The Controlled Substances Act of 1970 placed marijuana in Schedule I, defining it "as having a high potential for abuse, no currently accepted medical use in the United States, and a lack of accepted safety for use under medical supervision." However, research since then has proven otherwise. Moreover, 35 states have passed legislation that authorizes its medical benefits. -- Jennie Matusova, La Jolla H.S.
I believe there are good uses for marijuana. Look at all of the victims of multiple sclerosis or leukemia; their pain is constant. I believe that with the legalization of marijuana for medical purposes, it would help ease some of the pain that these people go through. I believe that it should be used for medicine only. Being in high school, I see the many students who come to school high every day. I have to admit that seeing it is funny, but sad, too. Many of these kids don't realize what they are putting their bodies through! With the legalization of this drug, can you imagine how many other teens will be subjected to it? Even kids like me, who don't even wish to try it.... What I am trying to say is, we can all be tempted. Marijuana's legalization would definitely send the wrong message to us teens. Doctors should be the only ones allowed to distribute this drug. I feel that the state should not even attempt to override federal law on this issue.
If this drug were legalized, I don't think that it would necessarily open the door for other drugs because most of the other ones have way more devastating effects. I shudder to think about having those drugs sold in open markets. Can you imagine buying crystal meth at a local Wal-Mart or Target? -- Lee Ann Gonzales, Monte Vista H.S.
Doctors argue that there are several legal prescription drugs that provide effective relief from pain. Most of these medications have brutal side effects (especially in the level prescribed by doctors) not the least of which is addiction. The effects of marijuana, conversely, are usually likened to those of cigarettes -- plus the hallucinogenic effects. But let's forget about the patients because it isn't about them. It's about state-versus-federal powers, which is as old as the Constitution; it's about the moral stigma that lawmakers associate with marijuana and the notion of the nation's doctors functioning as street-drug vendors. The biggest issue, though, is about marijuana becoming legal as a recreational drug after it's become legal as a medication. There's little question about people in pain who need relief, but lawmakers are more worried about the message this will send.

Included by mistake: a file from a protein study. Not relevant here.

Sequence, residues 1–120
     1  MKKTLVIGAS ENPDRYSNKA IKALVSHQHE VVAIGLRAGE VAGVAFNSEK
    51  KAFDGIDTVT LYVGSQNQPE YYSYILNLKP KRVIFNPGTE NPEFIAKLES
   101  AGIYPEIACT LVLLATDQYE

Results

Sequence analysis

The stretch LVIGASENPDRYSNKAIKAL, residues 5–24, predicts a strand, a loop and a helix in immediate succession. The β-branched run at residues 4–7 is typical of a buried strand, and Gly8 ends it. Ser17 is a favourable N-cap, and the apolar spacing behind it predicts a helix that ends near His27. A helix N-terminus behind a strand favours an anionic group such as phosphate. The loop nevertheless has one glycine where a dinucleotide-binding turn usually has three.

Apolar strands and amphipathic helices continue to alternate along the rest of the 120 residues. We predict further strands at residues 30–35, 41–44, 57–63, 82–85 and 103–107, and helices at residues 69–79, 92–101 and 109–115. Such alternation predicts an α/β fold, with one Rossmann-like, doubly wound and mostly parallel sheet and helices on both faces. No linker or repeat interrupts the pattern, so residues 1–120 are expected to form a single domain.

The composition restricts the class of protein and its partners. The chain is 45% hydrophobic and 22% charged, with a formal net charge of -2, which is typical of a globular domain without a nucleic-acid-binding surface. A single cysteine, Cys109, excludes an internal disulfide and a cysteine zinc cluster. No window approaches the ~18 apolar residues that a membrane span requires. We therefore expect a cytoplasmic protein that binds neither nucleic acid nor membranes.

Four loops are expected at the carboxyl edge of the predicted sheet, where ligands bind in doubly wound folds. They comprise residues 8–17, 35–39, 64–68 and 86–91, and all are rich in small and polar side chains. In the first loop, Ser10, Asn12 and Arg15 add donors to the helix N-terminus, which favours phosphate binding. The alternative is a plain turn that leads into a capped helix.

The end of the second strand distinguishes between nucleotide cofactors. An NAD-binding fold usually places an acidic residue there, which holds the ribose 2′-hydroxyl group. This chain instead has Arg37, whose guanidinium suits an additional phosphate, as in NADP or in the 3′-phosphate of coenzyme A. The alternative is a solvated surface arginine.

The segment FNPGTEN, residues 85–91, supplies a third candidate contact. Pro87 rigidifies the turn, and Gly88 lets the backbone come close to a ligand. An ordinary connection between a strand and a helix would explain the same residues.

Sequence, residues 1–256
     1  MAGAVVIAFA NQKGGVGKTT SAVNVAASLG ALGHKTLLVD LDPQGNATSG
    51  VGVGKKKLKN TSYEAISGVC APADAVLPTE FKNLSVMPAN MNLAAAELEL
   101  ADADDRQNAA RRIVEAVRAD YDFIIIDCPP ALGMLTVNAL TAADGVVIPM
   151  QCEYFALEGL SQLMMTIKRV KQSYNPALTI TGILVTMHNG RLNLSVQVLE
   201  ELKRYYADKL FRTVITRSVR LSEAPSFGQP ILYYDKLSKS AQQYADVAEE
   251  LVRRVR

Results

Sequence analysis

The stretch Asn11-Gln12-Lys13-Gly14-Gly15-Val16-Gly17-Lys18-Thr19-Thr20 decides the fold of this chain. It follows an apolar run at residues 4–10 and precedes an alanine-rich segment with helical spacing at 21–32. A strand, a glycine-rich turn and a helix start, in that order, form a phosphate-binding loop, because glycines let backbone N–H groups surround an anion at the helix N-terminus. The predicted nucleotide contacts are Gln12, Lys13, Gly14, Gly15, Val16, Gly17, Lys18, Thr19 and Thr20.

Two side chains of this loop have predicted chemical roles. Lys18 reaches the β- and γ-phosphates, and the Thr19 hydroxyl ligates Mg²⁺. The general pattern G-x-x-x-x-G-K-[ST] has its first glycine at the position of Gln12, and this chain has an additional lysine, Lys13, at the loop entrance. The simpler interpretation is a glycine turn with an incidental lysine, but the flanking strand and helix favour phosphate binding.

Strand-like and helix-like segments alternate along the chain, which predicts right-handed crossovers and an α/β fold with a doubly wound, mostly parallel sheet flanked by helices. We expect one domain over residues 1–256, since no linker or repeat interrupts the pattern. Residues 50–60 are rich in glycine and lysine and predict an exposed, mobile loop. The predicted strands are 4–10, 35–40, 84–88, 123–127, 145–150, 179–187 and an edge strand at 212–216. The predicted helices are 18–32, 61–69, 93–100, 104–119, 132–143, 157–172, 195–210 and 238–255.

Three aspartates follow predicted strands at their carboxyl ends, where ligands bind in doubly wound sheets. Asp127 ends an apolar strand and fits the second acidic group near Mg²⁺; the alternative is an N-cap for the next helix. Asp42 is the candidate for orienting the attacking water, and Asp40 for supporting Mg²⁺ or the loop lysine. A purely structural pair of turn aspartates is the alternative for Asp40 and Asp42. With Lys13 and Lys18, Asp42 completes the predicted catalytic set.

What might that message be? That the criminalization of marijuana, like Prohibition, is truly failing? Well, it may be. As it stands, the small fines for possession, ease of acquisition, and the number of casual users constitute a neglect of the laws against it.
At some point, the more liberal states will begin making concessions to the legalization campaign. Eventually most (if not all) of the states will follow. The challenges of enforcing current laws will be a factor, but it will become a money matter, like everything else. If there is a demand, someone will fill it, and whether gangsters or governments reap the benefits depends on the Capitol. -- Robert Burton, Helix H.S.
I believe that marijuana should be legalized for people who need it. Some people will claim to have health problems just so they can obtain medical marijuana, so, the law will be broken no matter what. The lifting of Prohibition in 1933 didn't lead to the acceptance of other drugs. I don't believe the legalization of marijuana would lead to the legalization of other drugs. Teens will try marijuana even if it isn't legal.
Since 1996, 11 states have legalized medical marijuana. I find it very strange that doctors are currently allowed to prescribe cocaine and morphine but not marijuana. According to administrative law judge Francis L. Young, "Marijuana, in its natural form, is one of the safest therapeutically active substances known...." Most people who smoke marijuana only smoke it once. Smaller than 1 percent of Americans develop a dependence on marijuana. Put into perspective, pot is less addictive than coffee. -- Natalie Venolia, Ramona H.S.